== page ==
Top rate taxpayers will be charged 28% Capital Gains Tax from midnight tonight while VAT is due to rise to 20% in the New Year, under the coalition government’s ‘austerity budget’, declared today. The new rules didn’t come as too much of a shock – proposals for CGT were originally much higher, putting the potential top rate as high as 50%.
Liam Bailey head of residential research at Knight Frank commented: ‘CGT was the main story, as the proposed increase was heavily trailed in advance. In reality the rise to 28% for high-rate tax payers is a non-issue for the housing market.
‘The rise is coming into play overnight – so there will be no sudden sell-off of second homes or investment properties. The new rate takes us back to a similar rate to where we were under the pre-2008 rules, when taper relief was able to reduce a 40% headline rate of CGT to 24%. With higher-rate CGT at 28% the argument for property investment still looks strong, and capital gains still compare very favourably with income tax at 40%.
‘The other issue of note is that with strong GDP growth forecasts for 2011 and 2012 – the inference is that the Bank of England will be encouraged to maintain a very loose monetary policy for longer than recently expected, suggesting interest rates at current levels could be maintained for longer. This would underpin house prices and also contribute to ongoing low supply in the market,’ Mr Bailey concluded.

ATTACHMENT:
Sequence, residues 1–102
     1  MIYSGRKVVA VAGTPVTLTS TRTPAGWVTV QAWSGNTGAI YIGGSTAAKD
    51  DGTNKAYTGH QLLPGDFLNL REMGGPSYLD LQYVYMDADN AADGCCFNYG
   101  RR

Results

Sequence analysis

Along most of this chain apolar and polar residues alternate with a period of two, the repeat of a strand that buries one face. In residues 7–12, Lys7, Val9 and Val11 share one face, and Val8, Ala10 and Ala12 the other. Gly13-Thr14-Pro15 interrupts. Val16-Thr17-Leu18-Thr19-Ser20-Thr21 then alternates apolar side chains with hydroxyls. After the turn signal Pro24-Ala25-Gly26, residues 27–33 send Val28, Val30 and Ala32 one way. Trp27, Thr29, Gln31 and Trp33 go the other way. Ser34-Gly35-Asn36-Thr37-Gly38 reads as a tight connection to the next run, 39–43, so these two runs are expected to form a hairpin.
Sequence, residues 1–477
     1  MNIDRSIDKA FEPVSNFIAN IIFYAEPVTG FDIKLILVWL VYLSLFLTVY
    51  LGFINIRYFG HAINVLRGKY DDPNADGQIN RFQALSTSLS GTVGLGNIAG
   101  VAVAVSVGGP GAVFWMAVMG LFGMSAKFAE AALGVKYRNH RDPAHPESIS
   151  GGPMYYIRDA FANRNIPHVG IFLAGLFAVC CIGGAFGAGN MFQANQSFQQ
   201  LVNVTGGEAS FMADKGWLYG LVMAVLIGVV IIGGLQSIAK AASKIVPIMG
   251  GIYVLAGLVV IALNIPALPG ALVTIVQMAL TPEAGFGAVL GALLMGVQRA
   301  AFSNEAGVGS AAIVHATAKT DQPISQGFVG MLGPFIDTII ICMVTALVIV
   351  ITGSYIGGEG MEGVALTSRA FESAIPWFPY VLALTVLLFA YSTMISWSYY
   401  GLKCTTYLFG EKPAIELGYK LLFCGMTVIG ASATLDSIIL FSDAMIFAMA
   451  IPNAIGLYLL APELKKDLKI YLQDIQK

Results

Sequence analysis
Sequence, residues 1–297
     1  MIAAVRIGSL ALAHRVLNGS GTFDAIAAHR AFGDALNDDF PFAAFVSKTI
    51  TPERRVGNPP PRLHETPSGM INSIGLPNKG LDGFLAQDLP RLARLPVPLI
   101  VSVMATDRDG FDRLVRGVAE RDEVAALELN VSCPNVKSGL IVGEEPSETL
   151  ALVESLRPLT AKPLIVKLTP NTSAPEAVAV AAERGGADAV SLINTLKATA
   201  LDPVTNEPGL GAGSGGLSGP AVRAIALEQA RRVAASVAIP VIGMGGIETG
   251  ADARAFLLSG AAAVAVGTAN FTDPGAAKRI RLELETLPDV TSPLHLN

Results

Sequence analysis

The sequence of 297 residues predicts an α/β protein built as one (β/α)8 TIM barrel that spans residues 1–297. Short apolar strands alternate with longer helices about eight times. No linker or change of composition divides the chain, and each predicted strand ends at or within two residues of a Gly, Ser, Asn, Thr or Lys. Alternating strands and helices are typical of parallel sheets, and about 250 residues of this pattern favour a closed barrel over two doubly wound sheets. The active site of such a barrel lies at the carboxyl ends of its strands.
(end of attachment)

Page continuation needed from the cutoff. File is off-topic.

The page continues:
David Adams, Chesterton Humberts‘ head of Residential, added: ‘This is a brilliant budget for UK Inc. Prime property in London and the South East and South West should see now see stable prices while the effect on northern areas with high public sector employment is less rosy. Some asking prices will need to be reduced in the south, but this is simply because of agent overpricing during the first half of the year, when property was in short supply.
‘It will be interesting to see how long it takes people to realise that the cost of renovating and furnishing a property will be increasing through VAT and that a considerable savings could be made by moving and refurbishing before the end of December.’
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